I'm well aware of the fact that the American health care system is broken. I've known this for quite some time, yet somehow that is of little consolation to me when I'm the target of a deficiency in my medical care.
I'm really fortunate. I work for a very large company that has gone to great lengths to provide its employees with the best health insurance possible. I will never have health insurance this good ever again. Unless I sell my soul to a corporate law firm after I graduate from law school, but that's another demon for another day. My health insurance is incredibly important to me because, unlike most 25 year olds, I actually really need it. I'm on several medications to manage my asthma problem I've had since childhood, and without CIGNA, I couldn't afford the drugs I'm supposed to take on a daily basis to make sure I can do dumb things like run 5 miles at a time and not drop dead. CIGNA is such a phenomenal insurance company that I am able to do extraordinary things like walk into my local pharmacy and pick up my 5 prescriptions at the beginning of the month and walk out without having paid much, if any, money out of pocket.
Until I can't.
I've been the unfortunate victim of my tempermental allergies and asthma this summer. My recent episodes have led me to believe it's unwise for me to be involved in any outdoor situations that don't primarily involve concrete and other non-organic ground coverings. In an effort not to turn blue and pass out while in the presence of other people, I've used more of my asthma medicine than I usually do and found myself in short supply last night while wheezing away at an outdoor Pete Yorn/Guster concert. A late night call to my Happy, Helpful Pharmacist didn't really get me anywhere. My insurance company's computer system was down last night, and despite the fact that I was the only person waiting for a prescription at midnight on a Tuesday, he wasn't able to guarantee that I'd have it before 1am. That was difficult for me to process when a)tired b)snot faced and c)wheezing like an injured accordion. Fortunately, HHP felt sort of sorry for me and handed me a box with my inhaler in it. He said that, while I couldn't take it home with me, he'd let me use some there and pick up and pay for the prescription later. I didn't have it in me to wait until 1am for my medicine. After a few hits and a Benedryl, I decided my bed would be a better remedy.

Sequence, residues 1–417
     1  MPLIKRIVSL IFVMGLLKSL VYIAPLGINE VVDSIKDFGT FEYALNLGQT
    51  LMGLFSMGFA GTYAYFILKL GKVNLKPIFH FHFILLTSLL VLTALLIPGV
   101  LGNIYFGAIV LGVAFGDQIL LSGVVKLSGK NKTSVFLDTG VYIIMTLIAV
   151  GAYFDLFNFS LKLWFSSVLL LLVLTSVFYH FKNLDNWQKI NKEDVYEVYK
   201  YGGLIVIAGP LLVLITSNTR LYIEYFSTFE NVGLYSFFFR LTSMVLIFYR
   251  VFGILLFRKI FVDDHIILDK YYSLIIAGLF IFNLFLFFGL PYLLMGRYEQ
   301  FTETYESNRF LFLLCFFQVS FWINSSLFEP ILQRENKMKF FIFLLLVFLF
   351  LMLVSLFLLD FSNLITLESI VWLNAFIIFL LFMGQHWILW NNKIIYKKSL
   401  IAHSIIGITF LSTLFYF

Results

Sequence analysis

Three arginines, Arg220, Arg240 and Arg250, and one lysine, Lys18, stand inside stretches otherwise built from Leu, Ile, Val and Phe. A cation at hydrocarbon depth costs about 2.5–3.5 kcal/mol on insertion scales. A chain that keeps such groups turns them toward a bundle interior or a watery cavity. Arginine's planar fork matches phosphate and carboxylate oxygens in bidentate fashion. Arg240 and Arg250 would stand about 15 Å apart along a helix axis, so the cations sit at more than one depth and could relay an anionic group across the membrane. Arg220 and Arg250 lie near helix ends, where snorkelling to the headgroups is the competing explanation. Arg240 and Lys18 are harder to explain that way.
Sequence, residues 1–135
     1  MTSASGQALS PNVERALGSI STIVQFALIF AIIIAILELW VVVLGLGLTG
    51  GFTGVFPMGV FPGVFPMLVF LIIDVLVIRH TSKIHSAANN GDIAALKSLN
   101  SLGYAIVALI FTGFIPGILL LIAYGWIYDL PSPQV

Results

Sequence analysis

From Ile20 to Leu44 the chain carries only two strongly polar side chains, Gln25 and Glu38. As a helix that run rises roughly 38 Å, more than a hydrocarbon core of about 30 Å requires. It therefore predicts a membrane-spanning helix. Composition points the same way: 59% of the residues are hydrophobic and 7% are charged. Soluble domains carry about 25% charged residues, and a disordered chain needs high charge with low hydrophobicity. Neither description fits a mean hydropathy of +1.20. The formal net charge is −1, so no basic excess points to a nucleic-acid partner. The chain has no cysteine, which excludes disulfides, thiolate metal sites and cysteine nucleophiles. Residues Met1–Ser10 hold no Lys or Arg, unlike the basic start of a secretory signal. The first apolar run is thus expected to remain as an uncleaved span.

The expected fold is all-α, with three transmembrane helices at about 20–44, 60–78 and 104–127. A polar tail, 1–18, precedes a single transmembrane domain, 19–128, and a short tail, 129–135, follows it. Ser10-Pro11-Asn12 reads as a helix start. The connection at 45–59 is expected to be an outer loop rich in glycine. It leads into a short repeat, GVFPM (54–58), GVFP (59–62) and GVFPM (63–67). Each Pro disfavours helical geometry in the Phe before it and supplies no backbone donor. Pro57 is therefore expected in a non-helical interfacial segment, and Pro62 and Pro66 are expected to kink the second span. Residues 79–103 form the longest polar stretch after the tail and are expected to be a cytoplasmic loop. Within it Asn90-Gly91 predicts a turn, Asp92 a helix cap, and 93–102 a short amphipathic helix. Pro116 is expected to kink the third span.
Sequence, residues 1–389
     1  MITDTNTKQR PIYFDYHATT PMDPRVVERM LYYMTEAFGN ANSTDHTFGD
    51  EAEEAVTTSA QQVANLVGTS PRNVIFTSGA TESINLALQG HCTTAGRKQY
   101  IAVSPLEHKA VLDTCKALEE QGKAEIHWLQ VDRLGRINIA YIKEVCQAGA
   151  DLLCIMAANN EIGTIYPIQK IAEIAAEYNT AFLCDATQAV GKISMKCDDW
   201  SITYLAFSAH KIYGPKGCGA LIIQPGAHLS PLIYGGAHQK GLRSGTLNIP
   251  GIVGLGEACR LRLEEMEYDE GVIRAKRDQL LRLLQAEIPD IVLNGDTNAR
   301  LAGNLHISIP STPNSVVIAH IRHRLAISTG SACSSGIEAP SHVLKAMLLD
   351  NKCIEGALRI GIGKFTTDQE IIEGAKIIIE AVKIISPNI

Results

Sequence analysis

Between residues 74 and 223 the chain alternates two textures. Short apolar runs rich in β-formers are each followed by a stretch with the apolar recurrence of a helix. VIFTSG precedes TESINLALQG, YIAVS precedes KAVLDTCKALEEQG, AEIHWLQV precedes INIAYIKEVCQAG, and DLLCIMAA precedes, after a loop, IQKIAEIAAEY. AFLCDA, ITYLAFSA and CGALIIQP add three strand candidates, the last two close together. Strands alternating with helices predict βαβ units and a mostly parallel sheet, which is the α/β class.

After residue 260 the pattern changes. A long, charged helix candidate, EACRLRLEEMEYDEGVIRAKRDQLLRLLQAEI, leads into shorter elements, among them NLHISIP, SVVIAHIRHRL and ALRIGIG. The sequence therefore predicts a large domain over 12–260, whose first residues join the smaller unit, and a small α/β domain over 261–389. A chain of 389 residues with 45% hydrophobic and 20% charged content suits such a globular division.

Until this morning.
Clearly NOT healed, I woke up sounding more bagpipe-ish than accordion-ish. I was in a hurry and opted to head in to work and grab a spare inhaler from the Happy, Helpful Pharmacist across the street from my office. After all, a nerd like me can't have too many inhalers. I called in my prescription, tossed back a Benedryl and Red Bull in an effort not to completely pass out face first on my desk, and popped over to pick up my inhaler. I thought I had it all figured out. When HHP2 pulled my prescription, she said my insurance declined the claim on the basis that it was a duplicate. I told her it wasn't a duplicate and explained that I was filling a separate prescription from the one I filled last night. She said the insurance considered it a duplicate because they were filled so closely together and wouldn't spring for another refill for at least two weeks. Two weeks?? Not acceptable. HHP2 offered me the option to pay for the prescription out of pocket. I was pulling my debit card out of my wallet when she announced, "That'll be one thirty five." I got a little confused. Thinking that perhaps the lack of oxygen to my brain was affecting my hearing, I asked her to repeat herself. HHP2 then said, "One thirty five. As in, one hundred and thirty five dollars."
I almost dropped dead right there, a reaction that would have completely negated any need for any inhaler at all.
One hundred and thirty five dollars? Are you effing kidding me? Needless to say, I left the pharmacy without my inhaler and vowed to wheeze all 3 verses of "Danny Boy" before I paid that much money for an inhaler. Despite all the hassle and my minor discomfort, I'll be okay. I'm still disturbed, though. Tonight after work I'll pick up my original prescription from the Happy, Helpful Pharmacist down the street from my house and huff all my problems away. Unfortunately, it's not that simple for people without insurance. Asthma is a frighteningly common disease among children, especially in urban areas. An unsettlingly large number of these children come from families who really have to stretch to make ends meet every month. $135 for a rescue inhaler is out of reach for a lot of these people, not to mention the $250+ cost for steroid inhalers intended to prevent attacks in the first place. It's easy to understand why many children then find themselves treated with simple remedies to this potentially deadly condition in an emergency room instead of at a pediatrician's office, and why your grandmother is being cuffed and cavity searched at the Canadian border for drug smuggling.
Universal health care might not be the perfect solution to our health care crisis, but when pharmaceutical companies and insurance companies make it so cost prohibitive for people to receive the sort of treatments they need to live productive and useful lives, something has to give somewhere. I'd bitch about it, but I'm keeping busy just trying to breathe.